The holiday season is here, and the roads will be busy with traffic in Pennsylvania and New Jersey. While the two states share borders, bridges and sometimes sports teams, the laws are very different with regards to police vehicle traffic stops and searches in these jurisdictions.
In Pennsylvania, police are permitted to stop a vehicle if they have probable cause. Probable cause is usually in the form of a traffic violation or some vehicle deficiency. In addition, a police officer may approach a vehicle not in motion and simply parked if he or she receives a report as to suspicious activity or possibly a medical emergency. This usually means that an officer can engage a driver who has fallen asleep in a parking lot or appears to be unconscious for some other reason.
Car Searches – Warrantless Searches
Following a stop, a police officer in Pennsylvania may not, however, initiate a search of a vehicle without a search warrant. Warrantless searches, for the most part, are not legal in Pennsylvania following the case of Commonwealth vs. Alexander. In that case, the Pennsylvania Supreme Court overturned Commonwealth v. Gary which previously allowed for warrantless vehicle searches. While persons in Pennsylvania enjoy the right against illegal search and seizure, under Pennsylvania’s Constitution Article 1, Section 8.
This section of the Pennsylvania Constitution allows for further protection than the U.S. Constitution. At the federal level, warrantless searches are legal, and police do not need a search warrant to search a vehicle if they have probable cause to believe that a crime is occurring or has occurred. There are exceptions, however, to the search warrant rule and police may seize contraband if it is in plain view or there is some other factor which could cause concern as to the officer’s safety.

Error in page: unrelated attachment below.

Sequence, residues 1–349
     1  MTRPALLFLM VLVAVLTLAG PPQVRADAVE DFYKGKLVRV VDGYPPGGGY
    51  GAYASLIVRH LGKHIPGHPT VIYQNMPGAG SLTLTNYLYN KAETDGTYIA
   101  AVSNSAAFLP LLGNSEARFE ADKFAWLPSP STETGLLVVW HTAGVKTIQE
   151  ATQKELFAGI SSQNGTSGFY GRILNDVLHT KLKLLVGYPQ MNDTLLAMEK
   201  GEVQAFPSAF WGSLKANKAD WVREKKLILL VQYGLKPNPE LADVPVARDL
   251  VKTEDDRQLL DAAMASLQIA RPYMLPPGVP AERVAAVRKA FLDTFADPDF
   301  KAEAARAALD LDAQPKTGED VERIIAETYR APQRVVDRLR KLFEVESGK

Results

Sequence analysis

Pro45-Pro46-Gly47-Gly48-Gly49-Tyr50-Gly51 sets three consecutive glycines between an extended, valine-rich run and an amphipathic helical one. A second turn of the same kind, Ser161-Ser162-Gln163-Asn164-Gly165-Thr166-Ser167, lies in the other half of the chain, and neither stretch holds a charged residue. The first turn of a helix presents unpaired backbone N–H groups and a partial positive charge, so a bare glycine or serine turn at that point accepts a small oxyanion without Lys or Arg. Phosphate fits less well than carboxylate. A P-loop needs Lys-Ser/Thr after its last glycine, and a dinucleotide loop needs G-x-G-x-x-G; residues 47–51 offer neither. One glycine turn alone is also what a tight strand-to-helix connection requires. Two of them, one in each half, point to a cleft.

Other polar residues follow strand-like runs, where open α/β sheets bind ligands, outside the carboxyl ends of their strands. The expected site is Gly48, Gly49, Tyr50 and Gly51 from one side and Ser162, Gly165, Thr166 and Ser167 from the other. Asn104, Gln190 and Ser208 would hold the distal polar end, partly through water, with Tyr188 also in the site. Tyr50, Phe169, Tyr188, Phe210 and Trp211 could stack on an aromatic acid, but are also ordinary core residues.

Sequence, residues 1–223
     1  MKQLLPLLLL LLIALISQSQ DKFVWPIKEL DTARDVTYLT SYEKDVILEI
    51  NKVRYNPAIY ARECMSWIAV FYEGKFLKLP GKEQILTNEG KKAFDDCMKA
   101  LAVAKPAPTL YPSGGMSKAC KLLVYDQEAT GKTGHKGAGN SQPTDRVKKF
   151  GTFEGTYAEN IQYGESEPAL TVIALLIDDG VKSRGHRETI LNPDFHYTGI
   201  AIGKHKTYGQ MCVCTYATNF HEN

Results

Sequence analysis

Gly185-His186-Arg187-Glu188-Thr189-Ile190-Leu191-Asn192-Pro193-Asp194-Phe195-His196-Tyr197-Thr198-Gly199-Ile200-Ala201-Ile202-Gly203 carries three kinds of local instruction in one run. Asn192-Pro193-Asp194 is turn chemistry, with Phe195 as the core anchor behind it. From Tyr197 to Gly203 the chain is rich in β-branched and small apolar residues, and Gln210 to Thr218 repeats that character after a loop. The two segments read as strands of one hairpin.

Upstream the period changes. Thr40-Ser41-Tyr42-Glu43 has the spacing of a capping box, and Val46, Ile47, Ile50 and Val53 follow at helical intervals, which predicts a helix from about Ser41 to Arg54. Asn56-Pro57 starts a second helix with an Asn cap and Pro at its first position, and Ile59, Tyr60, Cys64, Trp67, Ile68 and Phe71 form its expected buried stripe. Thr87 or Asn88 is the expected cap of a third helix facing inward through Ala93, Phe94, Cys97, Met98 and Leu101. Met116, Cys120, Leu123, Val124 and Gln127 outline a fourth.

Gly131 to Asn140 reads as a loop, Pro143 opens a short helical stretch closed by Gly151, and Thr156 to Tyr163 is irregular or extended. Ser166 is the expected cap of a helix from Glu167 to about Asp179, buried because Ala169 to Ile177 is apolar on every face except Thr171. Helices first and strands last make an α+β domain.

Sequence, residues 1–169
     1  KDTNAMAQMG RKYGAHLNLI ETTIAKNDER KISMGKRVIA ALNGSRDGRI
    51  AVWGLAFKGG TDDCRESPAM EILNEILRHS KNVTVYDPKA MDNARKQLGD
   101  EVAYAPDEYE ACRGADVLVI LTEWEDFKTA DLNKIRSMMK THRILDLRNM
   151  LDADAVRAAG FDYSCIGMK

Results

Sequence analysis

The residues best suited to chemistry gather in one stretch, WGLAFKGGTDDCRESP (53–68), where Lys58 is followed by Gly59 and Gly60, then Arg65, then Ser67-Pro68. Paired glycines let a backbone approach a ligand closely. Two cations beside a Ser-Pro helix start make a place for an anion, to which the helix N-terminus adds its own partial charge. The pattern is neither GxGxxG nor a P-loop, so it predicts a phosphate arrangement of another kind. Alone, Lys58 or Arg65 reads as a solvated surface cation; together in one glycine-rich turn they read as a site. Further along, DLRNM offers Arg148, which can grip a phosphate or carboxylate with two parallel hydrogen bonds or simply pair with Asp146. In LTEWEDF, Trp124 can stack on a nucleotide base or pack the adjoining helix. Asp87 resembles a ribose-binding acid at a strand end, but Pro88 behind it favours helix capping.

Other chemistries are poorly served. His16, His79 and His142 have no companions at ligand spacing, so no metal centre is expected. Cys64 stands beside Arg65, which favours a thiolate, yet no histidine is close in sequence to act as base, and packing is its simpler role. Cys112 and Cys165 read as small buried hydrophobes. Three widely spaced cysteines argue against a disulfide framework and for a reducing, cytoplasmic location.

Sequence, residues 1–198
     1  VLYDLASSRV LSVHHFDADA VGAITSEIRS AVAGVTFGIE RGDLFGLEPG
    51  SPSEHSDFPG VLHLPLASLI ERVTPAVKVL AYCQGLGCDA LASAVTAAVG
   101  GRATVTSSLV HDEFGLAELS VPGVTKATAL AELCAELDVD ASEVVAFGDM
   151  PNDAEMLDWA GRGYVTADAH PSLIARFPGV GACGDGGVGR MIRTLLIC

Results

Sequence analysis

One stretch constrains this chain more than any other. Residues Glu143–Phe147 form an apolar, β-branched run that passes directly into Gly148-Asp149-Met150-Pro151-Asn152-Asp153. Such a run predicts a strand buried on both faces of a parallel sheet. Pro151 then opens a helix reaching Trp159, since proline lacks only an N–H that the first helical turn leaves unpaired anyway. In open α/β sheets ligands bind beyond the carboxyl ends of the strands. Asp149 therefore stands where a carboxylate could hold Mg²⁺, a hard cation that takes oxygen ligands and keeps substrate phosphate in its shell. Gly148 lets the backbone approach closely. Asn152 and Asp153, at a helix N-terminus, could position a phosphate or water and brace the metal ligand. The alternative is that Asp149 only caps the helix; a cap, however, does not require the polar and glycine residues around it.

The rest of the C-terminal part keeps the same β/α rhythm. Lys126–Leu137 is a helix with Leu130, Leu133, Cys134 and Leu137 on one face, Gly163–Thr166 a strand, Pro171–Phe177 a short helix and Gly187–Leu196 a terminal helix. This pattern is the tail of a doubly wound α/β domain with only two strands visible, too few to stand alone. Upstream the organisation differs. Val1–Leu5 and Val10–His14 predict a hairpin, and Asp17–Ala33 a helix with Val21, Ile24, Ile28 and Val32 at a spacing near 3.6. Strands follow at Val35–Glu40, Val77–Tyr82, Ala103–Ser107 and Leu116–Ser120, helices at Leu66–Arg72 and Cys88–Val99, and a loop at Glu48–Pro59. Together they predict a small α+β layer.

New Jersey – Warrantless Searches
In New Jersey police do not need a search warrant to search a vehicle and simply need probable cause. New Jersey, unlike Pennsylvania, maintains an automobile exception to the search warrant requirement. The mobility of the vehicle itself is an exception to search warrant requirement and therefore considered an exigent circumstance.
Traditionally, any search which did not initiate with a warrant, is considered unconstitutional. The Supreme Court, however, has ruled that vehicles, unlike homes or a residence are highly regulated. This regulation diminishes one’s expectation of privacy in the vehicle as opposed to their home.
Searches of homes in almost all situations require a search warrant. If police do not have a warrant to search your home, however, they can obtain entry and search the premises if the homeowner or co-owner authorizes entry and consent.
It is very important to consider that constitutional rights are all waivable. This means that despite constitutional protections, a person can consent to practically anything. Our advice to clients and their families is to never consent to a search of your home, place of business or your vehicle. If police are asking for permission to search, they likely do not have sufficient probable cause to perform one.
Why vehicle stops are important
The majority of criminal cases involving the illegal possession of drugs, narcotics, firearms or other weapons start following a vehicle stop and search. Even if police recover contraband from a home, a place of business or a vehicle, the prosecution must still establish beyond a reasonable doubt actual or constructive possession of the item in question. Actual possession is when the item is found on a individual’s possessive person; whereas constructive possession means that it is found in the person’s area of immediate control.
What to do if you’re stopped and arrested
If you are stopped and arrested for illegal drugs, narcotics or the illegal possession of a gun or firearm, you should not make any statements and remain silent. In addition, the bail systems in Pennsylvania and New Jersey are very different. While New Jersey maintains a cashless bail system, Pennsylvania still has a traditional cash system which bases bail amount on risk of flight and propensity toward violence. New Jersey uses the same system, but does not assign a value to bail, but simply whether or not the person should be detained prior to trial.
Our criminal defense law firm wish you and your family a happy and safe holiday season!
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